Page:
Underground Vault

My hunger,
Dark battlements
of earth and stone.

of kindness

In my dull stare
I watch you.

You seek a
comfort of stars
I can only imagine.

Do not praise me, fool.

The maze in which you are lost
is my lair.

Words from a wordle, Big Tent Poetry’s prompt (where other entries are linked in the comments):

Wordle: Big Tent Poetry Wordle 2


About Brenda Clews

poet, painter, videopoet, editor blogs at Rubies in Crystal: http://brendaclews.blogspot.com art website: http://brendaclews.com videopoems: http://goo.gl/zdpZ5
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28 Responses to Underground Vault

  1. brenda w says:

    OOOOO Evil One! Bwaaa ha ha! I love the tone of this…you carried it through. Well written, engaging, evil. Perfecto!

  2. Stan Ski says:

    Love the sinister tone to this.

  3. tillybud says:

    Me too. Excellent response to the prompt. I like the layout.


    • Brenda Clews says:

      The minotaur was waiting in the wordle, and emerged as I wrote. New approach for me, definitely. Thanks, tillybud, the arrangement of words on the page/screen is always important isn’t it…

  4. vivinfrance says:

    Creepy, an interesting take on some prosaic words.

    • Brenda Clews says:

      Quite a twist for me, Mary- allowing a poetic narrator to be ‘hungry,’ ‘dangerous.’ But the minotaur didn’t really have a choice. I thought about that. Imprisoned from birth, victims sent into the labyrinth. Is it any different to our slaughterhouses for animals? Though I chose not to push the moral angle. Gosh, I don’t even watch horror flicks or thrillers – can’t! Yet the narrator of this poem – shiver – move over Count Dracula!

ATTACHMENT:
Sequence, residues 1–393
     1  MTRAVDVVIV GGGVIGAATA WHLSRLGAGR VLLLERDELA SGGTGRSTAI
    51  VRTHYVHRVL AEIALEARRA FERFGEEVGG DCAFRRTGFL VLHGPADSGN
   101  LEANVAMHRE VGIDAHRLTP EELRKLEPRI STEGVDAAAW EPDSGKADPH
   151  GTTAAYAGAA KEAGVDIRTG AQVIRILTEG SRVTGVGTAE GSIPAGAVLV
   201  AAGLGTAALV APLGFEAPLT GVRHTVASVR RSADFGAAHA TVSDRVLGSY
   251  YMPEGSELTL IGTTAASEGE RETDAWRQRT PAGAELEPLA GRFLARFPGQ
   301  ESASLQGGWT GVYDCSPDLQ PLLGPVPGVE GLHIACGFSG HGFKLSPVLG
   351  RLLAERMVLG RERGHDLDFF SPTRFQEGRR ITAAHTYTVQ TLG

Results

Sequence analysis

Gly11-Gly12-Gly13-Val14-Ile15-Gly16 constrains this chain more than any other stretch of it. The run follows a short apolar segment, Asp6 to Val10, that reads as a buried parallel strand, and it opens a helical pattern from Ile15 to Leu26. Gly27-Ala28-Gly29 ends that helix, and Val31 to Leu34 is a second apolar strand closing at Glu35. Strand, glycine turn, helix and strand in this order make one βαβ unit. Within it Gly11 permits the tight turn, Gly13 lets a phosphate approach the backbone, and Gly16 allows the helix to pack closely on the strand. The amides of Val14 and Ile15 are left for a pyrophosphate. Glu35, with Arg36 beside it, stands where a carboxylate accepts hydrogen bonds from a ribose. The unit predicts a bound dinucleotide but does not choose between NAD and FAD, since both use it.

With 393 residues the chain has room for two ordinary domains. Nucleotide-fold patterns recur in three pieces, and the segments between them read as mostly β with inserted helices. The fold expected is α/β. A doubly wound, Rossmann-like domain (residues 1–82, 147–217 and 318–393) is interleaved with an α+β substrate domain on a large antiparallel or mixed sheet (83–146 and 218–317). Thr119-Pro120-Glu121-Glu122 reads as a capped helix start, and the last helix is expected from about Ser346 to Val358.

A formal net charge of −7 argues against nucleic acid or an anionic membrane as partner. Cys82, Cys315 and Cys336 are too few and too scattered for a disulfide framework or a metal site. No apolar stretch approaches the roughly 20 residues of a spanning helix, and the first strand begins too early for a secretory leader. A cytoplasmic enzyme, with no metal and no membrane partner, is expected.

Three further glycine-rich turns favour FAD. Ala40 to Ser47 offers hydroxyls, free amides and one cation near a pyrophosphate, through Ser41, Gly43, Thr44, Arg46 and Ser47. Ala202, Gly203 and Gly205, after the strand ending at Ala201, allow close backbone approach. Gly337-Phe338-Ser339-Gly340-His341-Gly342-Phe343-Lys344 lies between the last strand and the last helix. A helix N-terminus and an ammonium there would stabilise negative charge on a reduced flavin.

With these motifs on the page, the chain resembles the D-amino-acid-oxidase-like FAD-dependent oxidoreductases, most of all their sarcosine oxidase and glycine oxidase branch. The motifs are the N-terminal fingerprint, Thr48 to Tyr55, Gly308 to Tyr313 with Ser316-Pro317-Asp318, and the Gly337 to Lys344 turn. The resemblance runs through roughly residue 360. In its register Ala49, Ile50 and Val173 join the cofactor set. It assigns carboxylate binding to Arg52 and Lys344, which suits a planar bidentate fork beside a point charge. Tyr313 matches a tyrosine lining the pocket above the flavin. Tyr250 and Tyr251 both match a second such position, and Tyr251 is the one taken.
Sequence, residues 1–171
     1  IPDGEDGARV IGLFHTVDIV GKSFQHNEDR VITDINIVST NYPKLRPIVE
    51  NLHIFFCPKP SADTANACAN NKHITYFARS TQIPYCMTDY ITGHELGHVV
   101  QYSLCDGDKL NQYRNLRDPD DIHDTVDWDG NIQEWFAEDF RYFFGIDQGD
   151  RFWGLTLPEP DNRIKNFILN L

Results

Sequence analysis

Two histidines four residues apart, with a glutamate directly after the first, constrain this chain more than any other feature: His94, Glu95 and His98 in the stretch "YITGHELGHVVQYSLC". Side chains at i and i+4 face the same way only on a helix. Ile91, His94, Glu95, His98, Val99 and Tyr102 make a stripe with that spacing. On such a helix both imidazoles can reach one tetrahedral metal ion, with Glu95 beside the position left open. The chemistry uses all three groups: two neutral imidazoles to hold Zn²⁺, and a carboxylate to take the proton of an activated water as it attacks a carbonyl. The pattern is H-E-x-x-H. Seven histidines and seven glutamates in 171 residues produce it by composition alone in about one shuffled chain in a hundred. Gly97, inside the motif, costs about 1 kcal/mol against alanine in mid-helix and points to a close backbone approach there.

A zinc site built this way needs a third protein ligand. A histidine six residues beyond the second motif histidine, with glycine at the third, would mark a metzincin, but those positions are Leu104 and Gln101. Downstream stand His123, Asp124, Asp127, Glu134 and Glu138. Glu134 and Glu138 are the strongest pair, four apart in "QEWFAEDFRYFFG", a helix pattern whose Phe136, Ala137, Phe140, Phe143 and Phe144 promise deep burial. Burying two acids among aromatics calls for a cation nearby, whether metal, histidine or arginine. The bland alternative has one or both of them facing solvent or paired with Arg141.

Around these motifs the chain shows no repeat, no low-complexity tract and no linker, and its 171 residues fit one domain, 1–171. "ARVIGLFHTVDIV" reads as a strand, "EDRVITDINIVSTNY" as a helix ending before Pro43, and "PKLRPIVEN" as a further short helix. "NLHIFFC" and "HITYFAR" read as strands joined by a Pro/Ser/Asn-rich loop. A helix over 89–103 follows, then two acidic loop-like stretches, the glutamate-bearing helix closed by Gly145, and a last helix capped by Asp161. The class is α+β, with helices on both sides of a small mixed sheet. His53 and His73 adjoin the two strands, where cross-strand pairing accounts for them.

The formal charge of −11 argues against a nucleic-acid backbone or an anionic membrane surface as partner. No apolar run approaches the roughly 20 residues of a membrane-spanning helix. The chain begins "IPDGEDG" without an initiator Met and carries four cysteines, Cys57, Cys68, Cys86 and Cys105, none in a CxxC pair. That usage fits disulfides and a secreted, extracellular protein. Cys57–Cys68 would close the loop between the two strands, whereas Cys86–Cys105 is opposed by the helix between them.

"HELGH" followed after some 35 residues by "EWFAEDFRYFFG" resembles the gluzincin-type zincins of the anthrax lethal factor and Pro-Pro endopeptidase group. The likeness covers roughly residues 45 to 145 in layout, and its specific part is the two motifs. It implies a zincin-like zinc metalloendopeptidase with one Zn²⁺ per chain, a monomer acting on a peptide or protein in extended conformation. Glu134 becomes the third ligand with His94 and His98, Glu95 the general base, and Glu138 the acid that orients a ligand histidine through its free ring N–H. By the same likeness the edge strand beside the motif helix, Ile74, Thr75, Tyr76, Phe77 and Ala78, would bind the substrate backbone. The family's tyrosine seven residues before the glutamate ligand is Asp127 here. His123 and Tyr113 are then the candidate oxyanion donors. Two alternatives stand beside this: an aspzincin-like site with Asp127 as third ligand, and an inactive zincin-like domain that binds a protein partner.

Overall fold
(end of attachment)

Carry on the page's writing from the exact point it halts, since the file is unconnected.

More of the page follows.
5. Aside from my constant stares behind — at the darkness—

    I loved the play of this poem and the way it sits so comfortably on the page, as if daring anyone to enter the maze.

    • Brenda Clews says:

      Your perception amazing, Linda… the poem sits, perhaps, to my eye, like the brick work of an old piece of battlement that might form an upholding wall in a labyrinth.

      But I am at your site, whose title I love, and cannot find your wordle poem – is it protected, or not up, or have you decided to only read and comment but not write one yourself?

  6. pamela says:

    I love the sinister tone you have created here!

  7. b_y says:

    makes me think of monsterous spidery appetite things in tolkienesque depths

    • Brenda Clews says:

      Oooh, I like that, b_y, it’s even creepier than the perhaps somewhat intellectual but trapped Minotaur I was thinking of! I am amazed I can write so darkly, seriously. I never watch horror films or thrillers – nightmares, even at my age.

  8. Robert Lloyd says:

    Deviously pleasant . Remind to not ever wander into your lair. “You seek a comfort of stars I can only imagine” was a simply mystical line. I truly enjoyed it.

    • Brenda Clews says:

      What would it be like for the Minotaur, who never knew sunlight? From birth imprisoned in the labyrinth, fed victims. I started to write about being in the labyrinth, the wordle reminding me of a dark and dangerous maze. But quickly switched to writing a soliloquy by the Minotaur, who was not raised on the milk of human kindness, who never saw stars, who must stalk the unfortunate for his sustenance. He’s a ‘thinking’ Minotaur – very influenced by Picasso’s minotaurs, I suspect, though this guy is not a symbol of potent sexuality but of the sinister nature of Nature ‘red in tooth & claw’……